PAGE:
My challenge to you is to find people who will help you when you’re emotional, and also when you’re emotionally removed from the behavior you’re trying to overcome.

In both instances, give those people permission to speak into your life and allow them to ask you hard questions that will help you see patterns and perspective to become a new person.

If you can't find a friend to help here, hire a coach.

Side note: I take my own medicine and hire professional coaches too. In fact, I try to never be without one.

They help me see things I'd otherwise miss.

A coach is someone who has my best interests at heart, and can show me how others navigated around the same landmines.

A coach helps you (and me) not learn everything through trial and error and empowers you to spend that time on other matters that are worthy of your time.


When your sounding board asks you those tough questions, don’t get upset with him/her.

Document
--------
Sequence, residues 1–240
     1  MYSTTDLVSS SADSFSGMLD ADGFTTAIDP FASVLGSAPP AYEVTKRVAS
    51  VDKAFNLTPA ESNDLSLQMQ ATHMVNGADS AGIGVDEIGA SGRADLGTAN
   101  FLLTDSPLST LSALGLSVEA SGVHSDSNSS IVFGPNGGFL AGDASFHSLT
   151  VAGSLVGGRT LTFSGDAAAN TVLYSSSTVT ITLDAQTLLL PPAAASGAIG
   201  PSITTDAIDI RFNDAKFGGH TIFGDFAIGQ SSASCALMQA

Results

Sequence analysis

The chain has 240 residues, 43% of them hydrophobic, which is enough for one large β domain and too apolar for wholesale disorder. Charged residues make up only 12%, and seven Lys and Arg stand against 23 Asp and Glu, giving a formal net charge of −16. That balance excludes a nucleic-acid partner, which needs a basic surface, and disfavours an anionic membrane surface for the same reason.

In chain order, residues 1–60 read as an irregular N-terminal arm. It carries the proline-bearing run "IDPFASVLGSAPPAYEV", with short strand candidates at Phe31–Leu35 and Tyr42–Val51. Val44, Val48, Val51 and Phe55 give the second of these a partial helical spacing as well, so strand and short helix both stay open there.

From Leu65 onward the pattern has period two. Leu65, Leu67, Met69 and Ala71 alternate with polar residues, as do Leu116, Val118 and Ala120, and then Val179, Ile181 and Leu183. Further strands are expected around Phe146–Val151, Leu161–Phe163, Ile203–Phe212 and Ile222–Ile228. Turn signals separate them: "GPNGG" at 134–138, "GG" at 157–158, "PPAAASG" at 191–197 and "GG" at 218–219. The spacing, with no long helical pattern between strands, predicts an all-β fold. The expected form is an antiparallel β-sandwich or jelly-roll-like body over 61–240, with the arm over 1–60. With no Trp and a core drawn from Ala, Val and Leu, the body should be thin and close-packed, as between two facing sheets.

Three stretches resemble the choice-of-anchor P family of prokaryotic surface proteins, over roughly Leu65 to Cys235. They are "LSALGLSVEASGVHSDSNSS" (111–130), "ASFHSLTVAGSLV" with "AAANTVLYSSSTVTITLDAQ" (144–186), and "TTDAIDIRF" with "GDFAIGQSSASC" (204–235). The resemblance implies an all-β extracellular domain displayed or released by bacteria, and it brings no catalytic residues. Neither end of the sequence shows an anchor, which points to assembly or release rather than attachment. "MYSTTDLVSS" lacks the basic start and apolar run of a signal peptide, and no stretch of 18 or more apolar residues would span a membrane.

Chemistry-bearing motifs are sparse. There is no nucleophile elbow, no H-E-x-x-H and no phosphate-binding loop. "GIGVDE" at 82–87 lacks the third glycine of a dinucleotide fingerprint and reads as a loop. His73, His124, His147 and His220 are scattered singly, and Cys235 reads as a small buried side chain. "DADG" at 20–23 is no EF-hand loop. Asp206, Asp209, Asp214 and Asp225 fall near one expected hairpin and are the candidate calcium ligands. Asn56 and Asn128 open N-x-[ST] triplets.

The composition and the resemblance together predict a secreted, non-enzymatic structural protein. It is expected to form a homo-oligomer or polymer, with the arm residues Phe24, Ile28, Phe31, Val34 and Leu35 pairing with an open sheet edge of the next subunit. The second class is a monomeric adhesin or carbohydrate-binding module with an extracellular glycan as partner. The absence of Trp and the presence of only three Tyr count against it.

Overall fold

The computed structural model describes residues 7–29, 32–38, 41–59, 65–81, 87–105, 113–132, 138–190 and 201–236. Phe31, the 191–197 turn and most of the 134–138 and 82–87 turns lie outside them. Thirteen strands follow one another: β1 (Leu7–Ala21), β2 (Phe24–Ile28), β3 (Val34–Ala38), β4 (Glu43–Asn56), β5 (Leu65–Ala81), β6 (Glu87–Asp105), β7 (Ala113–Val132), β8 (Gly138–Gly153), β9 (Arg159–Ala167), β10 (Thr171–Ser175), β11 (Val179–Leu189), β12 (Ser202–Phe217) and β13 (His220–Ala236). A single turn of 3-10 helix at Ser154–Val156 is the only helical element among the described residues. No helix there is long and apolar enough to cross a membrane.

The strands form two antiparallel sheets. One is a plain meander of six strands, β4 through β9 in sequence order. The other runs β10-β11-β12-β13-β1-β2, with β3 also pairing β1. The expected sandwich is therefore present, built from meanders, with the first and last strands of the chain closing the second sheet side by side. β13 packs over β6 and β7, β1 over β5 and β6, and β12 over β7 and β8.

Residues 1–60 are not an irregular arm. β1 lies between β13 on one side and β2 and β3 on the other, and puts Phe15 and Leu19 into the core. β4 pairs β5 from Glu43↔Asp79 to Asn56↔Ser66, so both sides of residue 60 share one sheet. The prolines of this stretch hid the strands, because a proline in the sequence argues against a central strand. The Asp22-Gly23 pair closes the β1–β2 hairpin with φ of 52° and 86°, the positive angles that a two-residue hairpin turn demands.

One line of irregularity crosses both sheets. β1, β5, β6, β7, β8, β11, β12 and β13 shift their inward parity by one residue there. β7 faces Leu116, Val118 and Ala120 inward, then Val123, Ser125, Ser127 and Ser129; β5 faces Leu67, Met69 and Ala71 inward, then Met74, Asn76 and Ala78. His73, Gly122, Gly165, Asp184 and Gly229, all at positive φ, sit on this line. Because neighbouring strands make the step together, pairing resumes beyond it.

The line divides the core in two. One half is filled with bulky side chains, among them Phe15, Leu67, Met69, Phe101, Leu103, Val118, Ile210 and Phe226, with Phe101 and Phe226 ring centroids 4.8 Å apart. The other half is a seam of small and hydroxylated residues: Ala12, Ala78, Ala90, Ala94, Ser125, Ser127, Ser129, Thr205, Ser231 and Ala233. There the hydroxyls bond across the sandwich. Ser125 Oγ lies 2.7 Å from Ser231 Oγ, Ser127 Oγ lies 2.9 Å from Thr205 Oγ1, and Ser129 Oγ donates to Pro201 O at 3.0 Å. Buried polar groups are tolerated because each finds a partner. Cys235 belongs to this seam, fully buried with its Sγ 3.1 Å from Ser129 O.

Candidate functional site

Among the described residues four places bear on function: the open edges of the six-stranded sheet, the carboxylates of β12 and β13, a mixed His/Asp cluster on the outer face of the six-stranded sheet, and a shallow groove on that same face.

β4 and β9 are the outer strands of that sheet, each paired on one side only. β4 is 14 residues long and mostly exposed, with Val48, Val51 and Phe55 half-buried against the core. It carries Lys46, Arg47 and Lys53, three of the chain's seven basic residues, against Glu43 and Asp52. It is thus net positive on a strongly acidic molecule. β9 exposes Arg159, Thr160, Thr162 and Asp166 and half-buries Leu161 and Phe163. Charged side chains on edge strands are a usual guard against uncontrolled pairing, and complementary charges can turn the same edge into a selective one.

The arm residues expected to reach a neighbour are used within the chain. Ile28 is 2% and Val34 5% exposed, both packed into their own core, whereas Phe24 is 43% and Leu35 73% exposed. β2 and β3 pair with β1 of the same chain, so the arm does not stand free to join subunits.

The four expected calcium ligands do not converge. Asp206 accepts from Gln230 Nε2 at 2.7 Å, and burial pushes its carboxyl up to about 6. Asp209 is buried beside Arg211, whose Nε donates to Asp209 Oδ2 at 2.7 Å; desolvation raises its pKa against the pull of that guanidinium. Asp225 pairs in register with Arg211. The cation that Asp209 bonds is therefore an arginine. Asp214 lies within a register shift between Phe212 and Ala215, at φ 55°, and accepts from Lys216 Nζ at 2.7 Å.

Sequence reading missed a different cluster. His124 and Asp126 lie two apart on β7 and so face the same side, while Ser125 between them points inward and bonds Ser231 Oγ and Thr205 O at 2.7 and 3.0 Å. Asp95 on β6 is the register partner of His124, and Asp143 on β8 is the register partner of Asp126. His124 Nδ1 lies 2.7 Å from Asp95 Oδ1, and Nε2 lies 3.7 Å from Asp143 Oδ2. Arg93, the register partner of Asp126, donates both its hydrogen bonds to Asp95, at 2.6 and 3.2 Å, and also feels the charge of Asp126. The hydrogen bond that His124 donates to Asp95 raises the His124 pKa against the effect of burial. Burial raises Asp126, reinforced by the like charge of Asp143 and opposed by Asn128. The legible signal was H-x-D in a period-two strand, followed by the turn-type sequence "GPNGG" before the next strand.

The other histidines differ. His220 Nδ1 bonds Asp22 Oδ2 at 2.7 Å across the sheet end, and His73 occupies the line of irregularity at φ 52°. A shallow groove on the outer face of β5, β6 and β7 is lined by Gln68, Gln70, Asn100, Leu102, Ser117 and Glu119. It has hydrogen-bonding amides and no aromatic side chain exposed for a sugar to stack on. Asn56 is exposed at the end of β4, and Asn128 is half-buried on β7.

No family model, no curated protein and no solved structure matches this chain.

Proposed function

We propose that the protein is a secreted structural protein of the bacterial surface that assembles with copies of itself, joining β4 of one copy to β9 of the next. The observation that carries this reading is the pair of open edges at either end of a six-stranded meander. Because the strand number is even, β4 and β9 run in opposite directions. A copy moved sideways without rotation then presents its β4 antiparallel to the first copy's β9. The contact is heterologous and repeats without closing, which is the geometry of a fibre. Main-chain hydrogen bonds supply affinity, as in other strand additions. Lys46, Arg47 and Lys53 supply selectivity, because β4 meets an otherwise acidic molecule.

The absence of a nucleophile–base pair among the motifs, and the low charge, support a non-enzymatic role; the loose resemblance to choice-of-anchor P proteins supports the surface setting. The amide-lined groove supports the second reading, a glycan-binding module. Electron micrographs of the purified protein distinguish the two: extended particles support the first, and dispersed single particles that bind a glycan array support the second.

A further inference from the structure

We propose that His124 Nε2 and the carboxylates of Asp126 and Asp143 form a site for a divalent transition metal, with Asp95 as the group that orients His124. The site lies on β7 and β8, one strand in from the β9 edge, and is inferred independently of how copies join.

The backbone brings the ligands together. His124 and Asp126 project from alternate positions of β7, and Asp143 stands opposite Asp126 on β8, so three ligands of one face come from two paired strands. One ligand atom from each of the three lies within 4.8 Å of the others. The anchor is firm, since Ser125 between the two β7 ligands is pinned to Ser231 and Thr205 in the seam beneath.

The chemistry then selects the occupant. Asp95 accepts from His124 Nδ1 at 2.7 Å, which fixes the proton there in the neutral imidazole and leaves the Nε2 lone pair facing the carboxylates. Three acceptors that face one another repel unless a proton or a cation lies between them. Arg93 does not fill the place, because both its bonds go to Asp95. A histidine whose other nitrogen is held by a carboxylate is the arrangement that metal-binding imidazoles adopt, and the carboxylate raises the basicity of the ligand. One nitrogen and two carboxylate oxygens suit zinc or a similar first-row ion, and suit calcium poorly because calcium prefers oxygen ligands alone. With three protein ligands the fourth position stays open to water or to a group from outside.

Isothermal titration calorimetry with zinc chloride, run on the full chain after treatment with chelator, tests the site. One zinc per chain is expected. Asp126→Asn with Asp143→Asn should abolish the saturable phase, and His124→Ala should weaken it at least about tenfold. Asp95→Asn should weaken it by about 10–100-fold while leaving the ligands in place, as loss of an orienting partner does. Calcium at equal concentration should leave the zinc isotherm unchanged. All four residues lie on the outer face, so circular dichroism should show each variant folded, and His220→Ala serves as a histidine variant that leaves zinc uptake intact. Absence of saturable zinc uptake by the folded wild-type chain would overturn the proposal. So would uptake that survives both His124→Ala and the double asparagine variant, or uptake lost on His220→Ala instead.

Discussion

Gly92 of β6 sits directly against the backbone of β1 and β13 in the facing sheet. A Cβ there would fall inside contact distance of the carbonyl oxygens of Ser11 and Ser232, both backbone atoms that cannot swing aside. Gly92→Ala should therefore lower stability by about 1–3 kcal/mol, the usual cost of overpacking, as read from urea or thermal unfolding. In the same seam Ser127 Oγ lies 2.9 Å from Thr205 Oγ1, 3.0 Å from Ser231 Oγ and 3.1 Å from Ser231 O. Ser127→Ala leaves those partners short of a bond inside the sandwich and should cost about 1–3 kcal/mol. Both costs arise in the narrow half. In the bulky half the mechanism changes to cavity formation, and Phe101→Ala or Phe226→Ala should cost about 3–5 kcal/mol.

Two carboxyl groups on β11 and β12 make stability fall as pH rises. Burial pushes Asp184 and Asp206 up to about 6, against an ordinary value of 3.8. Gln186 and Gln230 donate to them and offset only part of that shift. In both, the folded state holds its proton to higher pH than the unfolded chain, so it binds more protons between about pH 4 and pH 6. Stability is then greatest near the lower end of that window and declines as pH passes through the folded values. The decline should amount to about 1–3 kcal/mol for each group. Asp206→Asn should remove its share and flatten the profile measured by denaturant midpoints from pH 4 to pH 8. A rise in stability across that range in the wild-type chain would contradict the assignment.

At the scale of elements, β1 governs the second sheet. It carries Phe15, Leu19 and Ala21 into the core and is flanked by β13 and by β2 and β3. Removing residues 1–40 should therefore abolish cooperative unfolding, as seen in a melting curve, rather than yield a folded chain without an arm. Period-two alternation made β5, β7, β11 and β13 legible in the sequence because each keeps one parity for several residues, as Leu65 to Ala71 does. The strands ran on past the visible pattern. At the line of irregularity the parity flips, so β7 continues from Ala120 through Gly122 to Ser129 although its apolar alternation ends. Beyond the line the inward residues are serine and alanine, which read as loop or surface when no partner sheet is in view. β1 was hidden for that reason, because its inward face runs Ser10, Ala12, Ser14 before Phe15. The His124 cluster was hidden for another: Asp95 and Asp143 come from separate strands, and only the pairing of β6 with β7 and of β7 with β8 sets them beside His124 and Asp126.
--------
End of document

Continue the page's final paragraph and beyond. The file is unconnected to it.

If you trust the intention behind the question, remember you asked for it.

You may not always like the perspective, and he/she may not always have the answer (or the best questions), but he or she can probably be more objective about whatever it is than you are.

Resolve to take the feedback in stride and chances are you’ll be much better for it.


Facing strong emotions isn't always easy in the moment.

So do your best to outthink strong emotions before they show up.

And don't go it alone.

That's lonely and demotivating from the get go.

If you need some help, shoot me an email at

You can do this…and I'll keep writing to support you along the way.

Here's to better emotional intelligence,


PS If you've been around the medical merry-go-round or the weight-loss rollercoaster more times than you care to admit (and especially if you know you've lacked a way to plan for your emotions), check out this presentation I recorded.

One of the big themes in that presentation above is knowing yourself better so you can interrupt bad patterns before they interrupt you.